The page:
Center for Interdisciplinary Study of Monotheistic Religions(CISMOR)Doshisha University > Public Lectures > Environmental Problems and Conscience: What Should We Consider for the Future Generation?

Public Lectures

Environmental Problems and Conscience: What Should We Consider for the Future Generation?

  • DSC_0343
Date: 2015/07/11 13:00-15:00
Place: RY107 (Ryoshinkan 1st floor), Imadegawa Campus, Doshisha University
Lecture: Prof. Katsuhiro Kohara (Professor, School of Theology, Doshisha University / Director, Center for Study of Conscience)
"Environmental Ethics and Christianity: Considering the Individuality and Universality of Conscience"

Prof. Yoshihiko Wada (Professor, Faculty of Economics, Doshisha University)
"The Development and Application of Science and Technology Need to be under Constant and Critical Control of Multidisciplinary Eyes"
Prof. Kohara described one of the turning points for Christianity’s engagement with environmental issues as Lynn White Jr.’s 1967 paper, which pointed out that one cause of the ecological crisis was Christianity’s view of humans and the world. The paper argued that Western Christianity was anthropocentric and adopted a dualistic view of humans and nature, and needed to be revised to solve contemporary environmental problems. As an alternative, it proposed St. Francis of Assisi’s understanding of Christianity. Interestingly, Pope Francis, who took on St. Francis’s name, published the encyclical Laudato Si in June 2015, in which he pointed out the need to address environmental issues responsibly and conscientiously, seeking an ecological conversion.
The etymological meaning of “conscience” is to “know together.” One’s interiority is “together” with others and God. Thus, conscience is not individual but universal and cosmological. The Bible’s “love thy neighbor as thyself” has not yet been universally realized, and for various reasons the scope of “neighbor” is limited. The same can be applied to the object of "knowing together”; animals and nature have been excluded.
If an individual’s interior conscience does not connect and acquire a universal aspect, it is not possible to address environmental issues; there is a need to consider an ecological conscience. Spatially, there is a need for the perspective of a cosmological conscience, and temporally one that recognizes unfairness between generations. Prof. Kohara argued that an environmental conscience that is not excessively anthropocentric or centered on the current generation should be addressed.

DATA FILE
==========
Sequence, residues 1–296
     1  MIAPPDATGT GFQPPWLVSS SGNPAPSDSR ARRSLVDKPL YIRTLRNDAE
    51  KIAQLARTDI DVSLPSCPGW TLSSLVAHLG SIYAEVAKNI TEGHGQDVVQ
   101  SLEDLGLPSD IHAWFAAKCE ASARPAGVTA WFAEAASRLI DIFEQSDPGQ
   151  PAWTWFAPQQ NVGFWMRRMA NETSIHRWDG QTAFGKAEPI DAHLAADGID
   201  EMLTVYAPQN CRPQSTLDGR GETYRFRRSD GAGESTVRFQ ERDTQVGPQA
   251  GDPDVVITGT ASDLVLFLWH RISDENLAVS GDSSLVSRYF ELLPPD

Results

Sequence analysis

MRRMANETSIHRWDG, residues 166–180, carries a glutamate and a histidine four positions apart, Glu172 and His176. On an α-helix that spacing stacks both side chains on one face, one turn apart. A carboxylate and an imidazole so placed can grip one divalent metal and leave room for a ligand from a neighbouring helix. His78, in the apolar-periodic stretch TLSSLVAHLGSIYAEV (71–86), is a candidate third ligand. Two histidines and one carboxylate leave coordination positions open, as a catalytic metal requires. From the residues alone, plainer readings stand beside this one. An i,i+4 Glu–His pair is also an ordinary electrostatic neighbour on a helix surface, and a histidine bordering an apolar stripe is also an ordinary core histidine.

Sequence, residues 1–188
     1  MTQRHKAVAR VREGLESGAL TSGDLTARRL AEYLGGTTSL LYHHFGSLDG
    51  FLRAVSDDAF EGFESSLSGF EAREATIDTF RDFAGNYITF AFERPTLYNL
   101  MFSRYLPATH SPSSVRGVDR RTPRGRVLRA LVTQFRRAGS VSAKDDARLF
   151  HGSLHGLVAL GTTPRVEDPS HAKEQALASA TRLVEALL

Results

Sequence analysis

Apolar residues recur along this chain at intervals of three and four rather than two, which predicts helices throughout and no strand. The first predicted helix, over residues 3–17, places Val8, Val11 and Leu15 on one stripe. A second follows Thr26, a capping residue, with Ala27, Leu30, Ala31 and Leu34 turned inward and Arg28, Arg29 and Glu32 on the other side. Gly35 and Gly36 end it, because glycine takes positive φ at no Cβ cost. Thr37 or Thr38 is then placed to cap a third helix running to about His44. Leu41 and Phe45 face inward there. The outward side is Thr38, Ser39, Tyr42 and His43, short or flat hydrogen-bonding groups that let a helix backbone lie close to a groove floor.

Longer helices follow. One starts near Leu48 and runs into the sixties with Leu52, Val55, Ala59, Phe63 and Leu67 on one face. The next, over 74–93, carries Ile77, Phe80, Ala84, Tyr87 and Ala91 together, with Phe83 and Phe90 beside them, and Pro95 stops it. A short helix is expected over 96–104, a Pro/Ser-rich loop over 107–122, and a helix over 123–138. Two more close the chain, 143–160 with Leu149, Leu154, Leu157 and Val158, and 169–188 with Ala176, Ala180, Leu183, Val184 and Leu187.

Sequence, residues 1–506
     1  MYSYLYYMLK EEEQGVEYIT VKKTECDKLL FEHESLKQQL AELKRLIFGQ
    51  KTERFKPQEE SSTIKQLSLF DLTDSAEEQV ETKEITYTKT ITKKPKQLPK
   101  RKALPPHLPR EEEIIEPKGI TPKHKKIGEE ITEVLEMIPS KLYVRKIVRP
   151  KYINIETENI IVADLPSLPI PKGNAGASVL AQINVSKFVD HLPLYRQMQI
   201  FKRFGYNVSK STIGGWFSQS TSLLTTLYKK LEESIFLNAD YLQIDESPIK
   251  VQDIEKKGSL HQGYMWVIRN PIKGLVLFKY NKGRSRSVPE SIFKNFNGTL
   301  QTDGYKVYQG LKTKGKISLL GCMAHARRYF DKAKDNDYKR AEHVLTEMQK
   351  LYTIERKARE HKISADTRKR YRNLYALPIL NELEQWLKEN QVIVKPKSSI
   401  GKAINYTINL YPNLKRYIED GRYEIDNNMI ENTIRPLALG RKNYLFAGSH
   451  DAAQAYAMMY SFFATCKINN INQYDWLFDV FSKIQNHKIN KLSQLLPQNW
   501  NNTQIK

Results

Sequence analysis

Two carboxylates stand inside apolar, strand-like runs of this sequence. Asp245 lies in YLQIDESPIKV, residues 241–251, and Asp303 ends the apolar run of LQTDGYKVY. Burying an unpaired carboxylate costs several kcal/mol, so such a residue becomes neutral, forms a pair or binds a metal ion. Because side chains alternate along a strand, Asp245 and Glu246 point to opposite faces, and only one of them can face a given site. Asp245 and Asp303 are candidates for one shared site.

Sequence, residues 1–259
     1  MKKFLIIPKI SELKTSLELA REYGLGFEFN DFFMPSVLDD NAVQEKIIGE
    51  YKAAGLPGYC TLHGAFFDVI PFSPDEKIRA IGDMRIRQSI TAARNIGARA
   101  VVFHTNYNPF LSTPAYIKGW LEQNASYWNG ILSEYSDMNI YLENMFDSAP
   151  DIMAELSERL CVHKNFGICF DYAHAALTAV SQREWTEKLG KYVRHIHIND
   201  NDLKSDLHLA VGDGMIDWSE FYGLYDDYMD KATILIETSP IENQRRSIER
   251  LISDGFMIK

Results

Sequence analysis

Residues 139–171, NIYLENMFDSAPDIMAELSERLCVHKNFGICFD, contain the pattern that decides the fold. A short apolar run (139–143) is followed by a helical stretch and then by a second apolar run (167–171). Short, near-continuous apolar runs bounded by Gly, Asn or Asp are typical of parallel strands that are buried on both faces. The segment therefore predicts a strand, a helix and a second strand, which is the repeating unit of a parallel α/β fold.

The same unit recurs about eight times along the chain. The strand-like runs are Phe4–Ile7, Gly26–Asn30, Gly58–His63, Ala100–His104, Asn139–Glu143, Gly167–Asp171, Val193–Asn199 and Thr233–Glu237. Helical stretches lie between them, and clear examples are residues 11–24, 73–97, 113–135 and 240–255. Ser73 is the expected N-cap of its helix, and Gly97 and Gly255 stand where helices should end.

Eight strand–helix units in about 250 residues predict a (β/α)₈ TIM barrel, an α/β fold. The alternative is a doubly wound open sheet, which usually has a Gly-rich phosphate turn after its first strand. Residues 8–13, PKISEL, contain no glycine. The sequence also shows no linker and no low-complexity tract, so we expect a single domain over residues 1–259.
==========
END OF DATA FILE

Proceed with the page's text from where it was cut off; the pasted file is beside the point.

Prof. Wada Yoshihiko first defined environment-related public harm as a phenomenon that negatively influences the lives and health of area residents and the local natural environment by discharging harmful substances from industrial activities, and stated that war is the most serious example of this.
While Tanaka Shōzō, who spent his life addressing the Ashio Copper Mine’s waste and smoke-related environmental disaster, was not a Christian but was considerably influenced by the religion. Furthermore, he was ahead of his generation by advocating non-violence and civil disobedience. Those who received his message were active throughout the country and spread his environmental consciousness. Three years after Minamata disease was officially recognized in 1956, the substance causing it was pinpointed, but the government took no actions to address the problem. This was willful negligence, and one could say that Minamata disease was a result of the government. Professors from famous universities were involved in this negligence. While it is thought that approximately 200,000 were affected, only 1/100 was certified as such. Following the recent Fukushima nuclear power plant incident, the government maintained that 20 mSv of radiation exposure was healthy (normally, it is deemed to be 1 mSv). Without the cause or nature of the explosion provided, it is rushing to restart nuclear reactors based on arbitrary criteria.
Incidents of environment-related harm to public health have a common pattern: first, their influence appears on small animals, followed by children and other weak individuals. Even if such harm is recognized, efforts are made to limit the scope of this recognition. Cost-benefit analysis is introduced and comparisons are made. Harm is not uniform; it is concentrated amongst the weak and imposed on future generations. Furthermore, there are researchers who support those entities causing harm – no one takes responsibility.
When new technologies are discovered, only the merits are emphasized. In the name of academic freedom, research is carried out in an unruly fashion without rigorous screenings. We must demand that bureaucrats and politicians respect the constitution.
Commenting on this presentation, Prof. Motoi Wada argued that at the root of environmental problems, such as the misuse of nuclear power, are people who make excuses for themselves. Since individuals behave and act based on their own view points, contradictions arise in the end. Scientists are often absorbed in research, and as a result do not address the possibility that their findings will be misused. They should pay attention to the larger context in which they carry out research. Environmentally influenced incidents on public health arise while scientists, the state, and industry are each engaging in their work from their own viewpoints and do not realize the damage being caused. After the damage is recognized, issues of criminality arise. There is a need to create a sound society that can address such public harm and environmental problems based on our better nature and conscience.

Tomoki Asaka
Postdoctral Fellow, CISMOR
*Admission Free, No Reservation Necessary.